On February 18, 1965, James Orange, an organizer with Martin Luther King’s Southern Christian Leadership Conference, was arrested in Marion, Alabama, thirty miles from Selma, after leading young people in a voter registration drive. Word spread through the black community that Orange would be lynched that night in the county jail off the town’s main square.

Two hundred civil rights activists gathered at Zion United Methodist Church to hold a rare night march to the jail, where they would sing freedom songs outside. The congregation included 26-year-old Jimmie Lee Jackson, a deacon and woodcutter who had tried to register to vote five times in Perry County, where only 265 of 5,202 eligible black voters were on the voting rolls.

When the marchers stepped outside, hundreds of policemen and state troopers in riot gear surrounded the church. They brutally beat the civil-rights activists and attacked the reporters who were covering the demonstration. As a result, there is no photographic or video record of the tragic events that night.

Jackson, his mother Viola, and his 82-year-old grandfather, Cager Lee, fled for safety at nearby Mack’s Café. State troopers stormed in and began beating Jackson’s grandfather and mother. When Jackson lunged to protect his mother, an Alabama state trooper shot him point-blank in the stomach. He was sent to Selma’s segregated Good Samaritan Hospital, where Col. Al Lingo of the Alabama Department of Public Safety served him with a warrant for assault and battery with the intent to murder an Alabama state trooper, even though the police had been the clear aggressors. Jackson died eight days later. Historian Taylor Branch called him “the first martyr” of the Selma voting rights struggle.

Hugh Stewart, a veteran of “Bloody Sunday,” remembers Jimmie Lee Jackson in Marion, Alabama.

At a mass meeting at Selma’s Brown Chapel, King aide James Bevel introduced the idea of marching from Selma to Montgomery to protest Jackson’s death. That march became “Bloody Sunday,” which led to the Voting Rights Act (VRA) eight months later. Jackson’s grandfather Cager Lee, the son of a slave, marched next to John Lewis from Selma to Montgomery, and registered and voted for the first time after the passage of the VRA.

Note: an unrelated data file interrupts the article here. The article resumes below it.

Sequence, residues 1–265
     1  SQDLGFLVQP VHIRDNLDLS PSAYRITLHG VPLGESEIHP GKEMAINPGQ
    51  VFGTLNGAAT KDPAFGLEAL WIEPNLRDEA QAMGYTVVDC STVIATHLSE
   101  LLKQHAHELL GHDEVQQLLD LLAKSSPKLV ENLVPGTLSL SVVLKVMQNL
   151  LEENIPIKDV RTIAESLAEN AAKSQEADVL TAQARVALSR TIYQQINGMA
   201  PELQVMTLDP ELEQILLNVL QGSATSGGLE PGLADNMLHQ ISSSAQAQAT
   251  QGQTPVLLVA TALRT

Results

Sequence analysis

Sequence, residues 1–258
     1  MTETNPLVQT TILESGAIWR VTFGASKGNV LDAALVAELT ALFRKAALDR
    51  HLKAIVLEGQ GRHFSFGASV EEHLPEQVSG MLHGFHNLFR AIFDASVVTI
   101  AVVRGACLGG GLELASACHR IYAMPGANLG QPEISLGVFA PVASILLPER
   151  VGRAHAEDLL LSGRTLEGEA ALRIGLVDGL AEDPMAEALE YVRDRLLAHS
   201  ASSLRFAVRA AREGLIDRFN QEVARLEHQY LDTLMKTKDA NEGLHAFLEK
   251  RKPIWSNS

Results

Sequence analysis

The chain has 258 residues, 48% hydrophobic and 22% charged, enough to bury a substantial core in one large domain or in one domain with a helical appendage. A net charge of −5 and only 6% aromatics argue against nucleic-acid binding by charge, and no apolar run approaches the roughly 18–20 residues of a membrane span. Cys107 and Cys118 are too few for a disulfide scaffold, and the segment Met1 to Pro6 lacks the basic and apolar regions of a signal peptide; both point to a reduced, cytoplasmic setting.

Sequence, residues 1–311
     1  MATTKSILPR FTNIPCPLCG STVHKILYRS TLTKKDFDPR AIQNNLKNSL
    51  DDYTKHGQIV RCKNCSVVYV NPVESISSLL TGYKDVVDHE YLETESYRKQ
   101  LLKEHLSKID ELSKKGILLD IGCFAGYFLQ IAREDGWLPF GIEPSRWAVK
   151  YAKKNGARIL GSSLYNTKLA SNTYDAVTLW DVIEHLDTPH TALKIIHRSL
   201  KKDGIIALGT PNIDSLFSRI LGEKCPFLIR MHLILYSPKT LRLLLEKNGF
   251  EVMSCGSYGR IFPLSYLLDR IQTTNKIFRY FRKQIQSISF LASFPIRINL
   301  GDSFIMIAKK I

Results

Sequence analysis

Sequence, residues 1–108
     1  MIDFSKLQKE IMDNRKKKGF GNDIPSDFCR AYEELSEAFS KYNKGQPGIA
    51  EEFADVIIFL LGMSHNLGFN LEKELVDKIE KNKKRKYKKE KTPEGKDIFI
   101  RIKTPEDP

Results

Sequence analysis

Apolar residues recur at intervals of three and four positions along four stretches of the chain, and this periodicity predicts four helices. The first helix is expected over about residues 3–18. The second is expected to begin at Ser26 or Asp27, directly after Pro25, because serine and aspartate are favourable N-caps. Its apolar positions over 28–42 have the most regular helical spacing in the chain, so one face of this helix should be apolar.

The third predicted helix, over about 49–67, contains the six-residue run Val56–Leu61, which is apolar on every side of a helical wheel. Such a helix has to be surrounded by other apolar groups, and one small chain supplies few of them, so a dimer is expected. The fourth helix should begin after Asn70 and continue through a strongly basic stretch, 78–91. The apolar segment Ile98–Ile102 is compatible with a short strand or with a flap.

It took far longer for justice to be served to Jackson’s killer, as the New York Daily News reported:

The state police corporal who shot him, James Bonard Fowler, escaped indictment by an all-white Perry County grand jury in the fall of 1965. In 1966, he shot and killed another black man during a scuffle in a local jail near Birmingham, and two years later he was fired from the patrol after severely beating a fellow officer.

The case was reopened when John Fleming of The Anniston Star found Fowler living on a farm in southern Alabama in 2005 and he confessed to the crime. He pled guilty to manslaughter, but received only six months in prison. He was released in 2011.

On February 15, 2015, civil-rights activists gathered at Zion United Methodist Church in Marion to honor Jackson on the fiftieth anniversary of his death. King aide C.T. Vivian, who spoke in Marion on the night of February 18, 1965, attended the ceremony, as did Congresswoman Terri Sewell, Alabama’s first black congresswoman.

Sewell presented Jackson’s sister and niece with a framed copy of remarks she made on the House floor honoring him. “No floor speech, no medal, can bring back Jimmie Lee Jackson,” Sewell told his family. “But please know he didn’t die in vain. I walk the halls of Congress because of his death.”

After the ceremony, hundreds recreated the short march from the church to the boarded-up county jail. Today, there are black officeholders across Perry County and black policemen were on hand to supervise the commemoration march.

More than twenty veterans of Bloody Sunday came from across the country to honor Jackson. Hugh Stewart, who was a 17-year-old high school senior in Marion in 1965, wore blue denim overalls over his suit as a dedication. He marched in Marion fifty years ago and again on Bloody Sunday. By the time he made it from Selma to Montgomery, there was no bottom on his shoes.

Signs in Perry County commemorating the fiftieth anniversary of Bloody Sunday describe Marion as the place “where it all began.”